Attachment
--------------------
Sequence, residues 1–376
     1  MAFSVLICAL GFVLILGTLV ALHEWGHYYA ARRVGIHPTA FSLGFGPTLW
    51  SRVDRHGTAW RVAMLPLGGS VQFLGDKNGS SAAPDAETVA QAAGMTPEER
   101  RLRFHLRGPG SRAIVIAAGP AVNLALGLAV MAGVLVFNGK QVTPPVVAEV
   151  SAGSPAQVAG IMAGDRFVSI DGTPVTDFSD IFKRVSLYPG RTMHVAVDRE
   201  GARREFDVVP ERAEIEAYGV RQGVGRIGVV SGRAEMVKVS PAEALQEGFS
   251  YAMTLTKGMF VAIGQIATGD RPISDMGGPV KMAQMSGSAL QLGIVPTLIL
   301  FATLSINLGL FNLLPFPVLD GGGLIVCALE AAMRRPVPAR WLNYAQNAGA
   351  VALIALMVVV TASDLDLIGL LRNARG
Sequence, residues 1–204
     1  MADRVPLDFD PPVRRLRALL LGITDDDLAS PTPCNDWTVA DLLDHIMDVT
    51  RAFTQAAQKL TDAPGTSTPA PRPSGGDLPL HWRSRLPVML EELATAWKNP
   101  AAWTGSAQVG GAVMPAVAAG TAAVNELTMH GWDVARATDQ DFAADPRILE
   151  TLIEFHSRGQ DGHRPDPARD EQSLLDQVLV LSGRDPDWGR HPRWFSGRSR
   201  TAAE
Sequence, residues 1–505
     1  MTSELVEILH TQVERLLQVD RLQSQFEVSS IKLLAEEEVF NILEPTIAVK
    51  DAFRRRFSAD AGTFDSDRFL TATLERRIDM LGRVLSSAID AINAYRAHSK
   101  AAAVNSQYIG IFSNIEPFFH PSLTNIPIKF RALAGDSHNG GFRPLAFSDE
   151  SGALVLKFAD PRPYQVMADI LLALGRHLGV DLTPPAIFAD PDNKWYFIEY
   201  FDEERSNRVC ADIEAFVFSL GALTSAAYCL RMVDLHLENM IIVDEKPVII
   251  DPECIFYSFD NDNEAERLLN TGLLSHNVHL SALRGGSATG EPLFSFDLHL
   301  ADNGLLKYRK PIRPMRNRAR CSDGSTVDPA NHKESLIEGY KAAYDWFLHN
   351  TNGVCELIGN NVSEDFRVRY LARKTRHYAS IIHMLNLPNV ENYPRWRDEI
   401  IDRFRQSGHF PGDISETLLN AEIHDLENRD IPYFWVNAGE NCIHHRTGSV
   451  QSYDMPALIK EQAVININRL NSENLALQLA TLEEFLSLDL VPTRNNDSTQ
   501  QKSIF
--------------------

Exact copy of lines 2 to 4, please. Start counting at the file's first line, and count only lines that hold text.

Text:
     1  MAFSVLICAL GFVLILGTLV ALHEWGHYYA ARRVGIHPTA FSLGFGPTLW
    51  SRVDRHGTAW RVAMLPLGGS VQFLGDKNGS SAAPDAETVA QAAGMTPEER
   101  RLRFHLRGPG SRAIVIAAGP AVNLALGLAV MAGVLVFNGK QVTPPVVAEV